US officials weigh Iran's nuclear weapons capability
Defense Secretary Gates said Tehran was not close to having a bomb. A new report in which senior advisers to Obama participated urges further sanctions.
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"We think they do, quite frankly," Mullen said on State of The Union with John King. "Iran having a nuclear weapon, I believe ... is a very, very bad outcome for the region and for the world."
Defense Secretary Robert Gates said Sunday, however, that Iran wasn't close to having a nuclear bomb, meaning that there was still time for diplomacy and economic sanctions to have an effect. He told NBC that Iran wasn't even close to having a stockpile of uranium that could be used in a bomb, reports the Los Angeles Times. He pointed out that the global slump in oil has hurt Iran and could give the US and its allies greater leverage there.
TIME reports that a spokesman for Admiral Mullen later clarified that he was referring to low-enriched uranium, which is not sufficient in itself to create a bomb. US intelligence agencies suspect Iran is creating the means to build a bomb under the cover of a nuclear energy program – a crucial distinction.
In its February report, the International Atomic Energy Agency said that Iran had roughly 1 metric ton of low-enriched uranium, which could be enough to arm a warhead, the Guardian reported last month. This assessment came as a surprise because the agency had said in November that Iran had produced only 635 kilograms of the fissile material. Iran has blocked inspectors from a nuclear reactor near the town of Arak and refuses to open up its centrifuge manufacturing facility.
Newsweek correspondent Christopher Dickey writes that Iran hasn't crossed the red line known as "breakout," when it might pull out of the Nuclear Non-Proliferation Treaty (NPT) and expel UN inspectors. Such a provocation could start a war, given the implacable opposition by the US and others to a nuclear-armed Iran, the article reports.
What Iran has now achieved, says former inspector David Albright, of the Institute for Science and International Security, is "breakout capability." Perhaps that's all Iran really wants: enough mastery of enrichment to keep the world guessing about its nuclear defenses without provoking massive retaliation. IAEA Director-General Mohamed ElBaradei tends toward this view. But as Albright says, "We just don't know … I think people should be worried."
The Financial Times reports that a Washington think tank staffed by senior foreign-policy advisers to President Obama has recommended tougher sanctions on Iran. The Washington Institute for Near East Policy warns that Iran is seeking Russian surface-to-air missiles and that Israel may try to hit Iran's nuclear facilities before any Russian defenses are installed. US envoy Dennis Ross was among those involved in preparing the institute's report, though he is no longer there.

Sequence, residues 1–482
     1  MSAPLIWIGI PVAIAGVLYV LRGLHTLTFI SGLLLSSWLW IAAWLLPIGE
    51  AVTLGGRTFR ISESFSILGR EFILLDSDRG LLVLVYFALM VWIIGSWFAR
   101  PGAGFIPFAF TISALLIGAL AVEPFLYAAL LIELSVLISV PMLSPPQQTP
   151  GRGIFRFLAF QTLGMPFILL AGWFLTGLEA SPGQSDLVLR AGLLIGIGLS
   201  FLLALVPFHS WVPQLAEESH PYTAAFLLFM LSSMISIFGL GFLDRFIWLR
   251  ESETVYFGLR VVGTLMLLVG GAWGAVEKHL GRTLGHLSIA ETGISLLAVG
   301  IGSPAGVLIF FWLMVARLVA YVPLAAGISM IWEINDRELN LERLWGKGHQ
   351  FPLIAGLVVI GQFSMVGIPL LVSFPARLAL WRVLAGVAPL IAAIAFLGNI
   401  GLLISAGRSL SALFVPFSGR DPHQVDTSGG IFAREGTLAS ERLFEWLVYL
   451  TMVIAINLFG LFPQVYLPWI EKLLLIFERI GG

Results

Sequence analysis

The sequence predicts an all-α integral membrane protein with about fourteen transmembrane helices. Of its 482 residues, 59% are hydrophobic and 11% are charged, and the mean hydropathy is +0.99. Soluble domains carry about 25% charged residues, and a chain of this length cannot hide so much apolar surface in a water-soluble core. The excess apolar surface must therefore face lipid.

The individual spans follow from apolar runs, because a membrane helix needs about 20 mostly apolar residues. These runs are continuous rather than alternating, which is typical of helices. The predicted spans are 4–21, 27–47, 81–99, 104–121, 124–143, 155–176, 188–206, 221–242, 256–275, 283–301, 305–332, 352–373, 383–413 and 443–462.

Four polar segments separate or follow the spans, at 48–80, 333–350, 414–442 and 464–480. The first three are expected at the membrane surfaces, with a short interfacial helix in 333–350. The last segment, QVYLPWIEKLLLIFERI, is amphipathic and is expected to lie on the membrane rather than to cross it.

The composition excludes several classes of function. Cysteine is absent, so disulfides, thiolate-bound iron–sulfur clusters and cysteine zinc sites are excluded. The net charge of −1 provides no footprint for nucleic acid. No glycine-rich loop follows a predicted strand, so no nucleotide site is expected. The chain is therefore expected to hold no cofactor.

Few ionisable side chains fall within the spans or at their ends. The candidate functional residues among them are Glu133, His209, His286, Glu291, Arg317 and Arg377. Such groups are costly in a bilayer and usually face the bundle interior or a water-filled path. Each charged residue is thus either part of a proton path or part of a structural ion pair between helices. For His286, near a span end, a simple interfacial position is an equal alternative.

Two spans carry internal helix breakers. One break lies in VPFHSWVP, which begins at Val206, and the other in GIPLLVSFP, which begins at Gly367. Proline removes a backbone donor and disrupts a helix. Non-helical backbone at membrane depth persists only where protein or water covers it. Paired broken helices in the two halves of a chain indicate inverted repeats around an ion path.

Arguing that such a strike "might only slow Iran temporarily" and that the US itself may pay a "high price" from a backlash across the region, the report says the administration should broaden a campaign to dissuade international banks from doing business with Iran to include industrial and trading companies….
The report says that if the $800m (€631m, £558m) Russian missile sale goes ahead "the US should provide Israel with the capabilities to continue to threaten high value Iranian targets" with more modern aircraft and use such an offer "to gain leverage in pressuring Russia not to transfer the S-300".
The Wall Street Journal reports that Secretary of State Hillary Clinton will be discussing Iran's nuclear program this week during a Middle East tour, her first to the region. Talks with Russia may touch on a suggestion that Moscow work harder to curb Iran's nuclear ambitions in return for a slowdown in the US missile-shield program that has irked Russia.
An expert told Ynet, an Israeli website, that Iran was only a few months away from creating a nuclear bomb. Ephraim Asculai, a senior researcher at Tel Aviv University's Institute for National Security Studies, said he agreed with the IAEA's view that Iran hadn't yet produced enough weapons-grade uranium.
"The uranium produced by the Iranians today is not good enough for a nuclear bomb. And in any event, I believe that even if Iran has reached an amount of high quality uranium which would be enough for one bomb, it won't start creating it immediately. It will have to produce a slather of uranium before creating bombs."
Last month, Adm. Dennis Blair, the US director of national intelligence, told Congress that Iran had imported some weapons-grade material and was trying to enrich its own, but that the consensus view was that it still wasn't able to make a bomb, says Reuters. US intelligence agencies have previously concluded that Iran suspended a program to develop a nuclear warhead.